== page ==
I actually hated university and didn’t get on with any of the people. I studied music at York under Professor Wilfrid Mellers, Robert Sherlaw Johnson, David Blake, Richard Orton, I was just completely out of water. I mean I was a country boy, you know, and half the people in my year had double-barreled names, I’d never met anybody with a double-barrel name before and I was completely lost for three years, hated it, and got a very bad degree. Basically music students are the most conservative people in the world, it was really frightening. I went up to York about two years ago and they were all wearing the same clothes and saying the same things and acting in the same way as they did when I was first their, and I immediately felt like this sprog from the country again! People in tie-dyed gypsy skirts going, (puts on public school accent) ‘Oh Fiona, are you playing first violin in the Beethoven?’ It’s just terrible, frightening.

– Yes, of course it’s a class thing. Most of those people are going… well most of the women are going to marry bank managers and/or become music teachers. It’s hopeless. Music colleges are just producing millions of piano players; I mean how many piano players can get a gig? How often do you get the chance to do a piano concerto? It’s ridiculous, the whole thing is really stupid. And, although this was supposed to be the most avant-garde course, it was actually very conservative in most ways.

The only useful thing was that I could just muck about on my own. At that time I was listening to the Spontaneous Music Ensemble. Because in those days you could buy the Melody Maker and it would have a review of the new Albert Ayler LP or you could tune in to Jazz Club and it would have SME playing live, which is inconceivable now. This was the most advanced music and it was just on the radio and it did my head in, I was very impressed. I was listening Ornette and stuff, I just wanted to know what the most avant-garde shit was and then I would listen to it, John Cage and people like that. I was very attracted to the SME, Evan’s playing was particularly good, it was like all his saxophone phrases would come out from underneath the music, almost like backwards playing. Then I picked up things like Manfred Schoof’s European Echoes…

In 1971 I met these people called Neil Lamb and Dave Herzfeld. Neil was a guitarist from Maine and he was immediately very interested in Derek (Bailey), and also in Luciano Berio and also things like The Band – what was going on in America in terms of rock music. He brought over this drummer from New York called Dave Herzfeld who was like Elvin (Jones) and we had this trio called Bread and Cheese, which was obviously very influenced by English improvised music. We really liked the jigsaw aspect; the way things lock together, how things would mask each other. I was very horrified when I heard things like Peter Brötzmann albums because there didn’t seem to be any interlocking at all, it was just three people playing their arses off, that seemed very retrogressive to me at the time, it was like, ‘Well, they’re playing jazz, and we’re playing Improvised Music which is a different thing.’ And I think it was a valid attitude as well.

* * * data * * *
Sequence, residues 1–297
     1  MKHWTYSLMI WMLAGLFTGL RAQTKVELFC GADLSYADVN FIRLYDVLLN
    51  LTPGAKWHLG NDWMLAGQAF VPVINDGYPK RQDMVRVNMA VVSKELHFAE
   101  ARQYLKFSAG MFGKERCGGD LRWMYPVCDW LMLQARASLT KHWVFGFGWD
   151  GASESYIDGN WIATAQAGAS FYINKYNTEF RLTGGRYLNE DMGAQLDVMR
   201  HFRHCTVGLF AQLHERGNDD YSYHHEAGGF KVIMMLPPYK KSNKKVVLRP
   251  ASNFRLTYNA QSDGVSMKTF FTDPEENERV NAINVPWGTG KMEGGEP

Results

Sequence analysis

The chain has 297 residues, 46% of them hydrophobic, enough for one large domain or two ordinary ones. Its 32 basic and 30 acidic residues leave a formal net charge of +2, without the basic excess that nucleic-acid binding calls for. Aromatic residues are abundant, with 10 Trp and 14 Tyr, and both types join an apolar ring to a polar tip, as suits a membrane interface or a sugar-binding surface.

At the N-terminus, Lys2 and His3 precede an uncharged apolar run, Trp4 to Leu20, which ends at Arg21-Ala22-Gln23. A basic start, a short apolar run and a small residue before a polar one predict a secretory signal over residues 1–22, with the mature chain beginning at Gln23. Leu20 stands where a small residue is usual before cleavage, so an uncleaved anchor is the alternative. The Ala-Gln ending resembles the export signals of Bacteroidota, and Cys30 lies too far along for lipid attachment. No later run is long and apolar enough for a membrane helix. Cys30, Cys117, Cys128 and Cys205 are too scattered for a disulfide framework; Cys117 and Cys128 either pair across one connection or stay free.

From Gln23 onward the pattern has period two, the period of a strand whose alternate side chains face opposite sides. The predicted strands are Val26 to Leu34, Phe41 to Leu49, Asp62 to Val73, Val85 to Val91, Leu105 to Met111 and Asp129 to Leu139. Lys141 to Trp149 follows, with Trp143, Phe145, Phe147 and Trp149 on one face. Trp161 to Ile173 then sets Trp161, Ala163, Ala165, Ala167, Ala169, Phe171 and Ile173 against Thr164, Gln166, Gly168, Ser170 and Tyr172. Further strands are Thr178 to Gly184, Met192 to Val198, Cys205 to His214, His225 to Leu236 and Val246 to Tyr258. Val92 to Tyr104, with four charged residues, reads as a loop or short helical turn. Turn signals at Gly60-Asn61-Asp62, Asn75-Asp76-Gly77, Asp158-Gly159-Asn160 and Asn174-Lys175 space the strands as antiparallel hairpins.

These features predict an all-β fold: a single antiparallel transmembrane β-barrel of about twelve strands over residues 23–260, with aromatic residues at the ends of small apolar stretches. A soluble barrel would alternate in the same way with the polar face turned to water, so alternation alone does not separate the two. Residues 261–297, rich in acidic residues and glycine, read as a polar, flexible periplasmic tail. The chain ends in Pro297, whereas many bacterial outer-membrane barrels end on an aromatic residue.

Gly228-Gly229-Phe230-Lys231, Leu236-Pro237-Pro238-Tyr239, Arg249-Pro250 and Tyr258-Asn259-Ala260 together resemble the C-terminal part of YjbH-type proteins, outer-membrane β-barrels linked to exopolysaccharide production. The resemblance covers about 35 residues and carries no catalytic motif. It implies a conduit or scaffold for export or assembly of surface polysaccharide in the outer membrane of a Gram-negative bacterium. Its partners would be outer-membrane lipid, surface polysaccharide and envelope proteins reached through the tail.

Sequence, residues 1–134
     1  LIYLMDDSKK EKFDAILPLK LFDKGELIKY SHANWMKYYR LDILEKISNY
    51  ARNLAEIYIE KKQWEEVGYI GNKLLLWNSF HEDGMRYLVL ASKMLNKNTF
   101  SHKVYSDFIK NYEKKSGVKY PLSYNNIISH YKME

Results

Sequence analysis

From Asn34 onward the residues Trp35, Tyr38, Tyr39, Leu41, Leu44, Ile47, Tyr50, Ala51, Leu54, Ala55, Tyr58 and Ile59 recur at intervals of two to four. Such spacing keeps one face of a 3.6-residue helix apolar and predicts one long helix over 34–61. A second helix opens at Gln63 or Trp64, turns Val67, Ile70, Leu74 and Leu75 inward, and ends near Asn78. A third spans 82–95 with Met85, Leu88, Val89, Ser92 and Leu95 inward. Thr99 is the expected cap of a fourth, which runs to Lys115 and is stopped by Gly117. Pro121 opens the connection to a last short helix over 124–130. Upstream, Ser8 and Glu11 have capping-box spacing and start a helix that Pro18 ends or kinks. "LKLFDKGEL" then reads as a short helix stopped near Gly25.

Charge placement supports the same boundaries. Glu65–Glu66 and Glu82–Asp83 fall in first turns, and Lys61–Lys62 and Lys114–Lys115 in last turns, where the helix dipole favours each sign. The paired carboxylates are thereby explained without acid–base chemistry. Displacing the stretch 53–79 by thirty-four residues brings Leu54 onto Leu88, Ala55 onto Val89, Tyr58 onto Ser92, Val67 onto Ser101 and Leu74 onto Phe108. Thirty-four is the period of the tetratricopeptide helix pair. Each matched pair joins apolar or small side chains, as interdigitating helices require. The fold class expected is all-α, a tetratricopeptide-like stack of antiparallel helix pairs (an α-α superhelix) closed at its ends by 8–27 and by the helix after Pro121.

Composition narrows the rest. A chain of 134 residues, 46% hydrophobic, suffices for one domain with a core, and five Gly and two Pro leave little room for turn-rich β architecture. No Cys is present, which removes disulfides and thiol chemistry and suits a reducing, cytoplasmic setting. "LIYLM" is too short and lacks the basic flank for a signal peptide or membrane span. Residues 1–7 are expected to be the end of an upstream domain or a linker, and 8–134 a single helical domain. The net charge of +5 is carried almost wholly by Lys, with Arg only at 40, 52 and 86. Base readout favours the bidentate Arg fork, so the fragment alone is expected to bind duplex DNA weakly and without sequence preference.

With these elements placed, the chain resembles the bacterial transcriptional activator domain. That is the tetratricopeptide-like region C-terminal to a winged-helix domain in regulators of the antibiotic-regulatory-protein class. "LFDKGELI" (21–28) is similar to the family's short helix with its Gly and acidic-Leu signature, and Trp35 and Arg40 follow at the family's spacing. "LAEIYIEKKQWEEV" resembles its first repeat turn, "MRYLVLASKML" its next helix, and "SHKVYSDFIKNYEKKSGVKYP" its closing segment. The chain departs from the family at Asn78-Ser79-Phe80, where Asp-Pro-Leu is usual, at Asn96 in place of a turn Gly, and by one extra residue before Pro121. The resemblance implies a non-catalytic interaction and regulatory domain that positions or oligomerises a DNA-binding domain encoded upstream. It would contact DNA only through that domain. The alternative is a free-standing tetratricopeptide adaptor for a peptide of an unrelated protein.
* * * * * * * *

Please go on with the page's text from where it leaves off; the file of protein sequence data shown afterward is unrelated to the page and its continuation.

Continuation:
Improvised music becoming very identified with jazz is really a bad thing… Anyway, we started working at York University, I think the first gig we ever did was the best. We were very interested in using voices as well as instruments and I started using lots of little instruments, and played bit of trumpet and piano. Derek heard us and liked my playing particularly. Initially he got us a gig in London at Ronnie Scott’s, which was obviously incredibly thrilling, I’d hardly even been to London before. Then he put me in a group with Frank Perry, Phil Wachsmann, and then later I think Christine Jeffrey. There were three years after college when I was basically on the dole, trying to be a music teacher and failing very badly and playing with various types of groups.

I finally moved to London in 1974 and I played bass guitar with a group called Roogalator for a bit which was just pre-punk, a guy called Danny Adler, and Dave Solomon, he was listening to James Brown on the one hand and Han Bennink on the other. It was a great idea but never really came off. We always reacted very strongly against all that experimental rock music. Especially Henry Cow, that stuff where they change time signature every bar and play cheap pastiches of Messiaen and the words would be sort of apocalyptic.

We always liked dance music and thought it was more intelligent musically than any amount of sort of sixth form intellectual… that’s one of the things I’ve always tried to do, steer away from that sixth form intellectual music, I never liked that, not that I’ve got anything against intellectuals or sixth formers per se…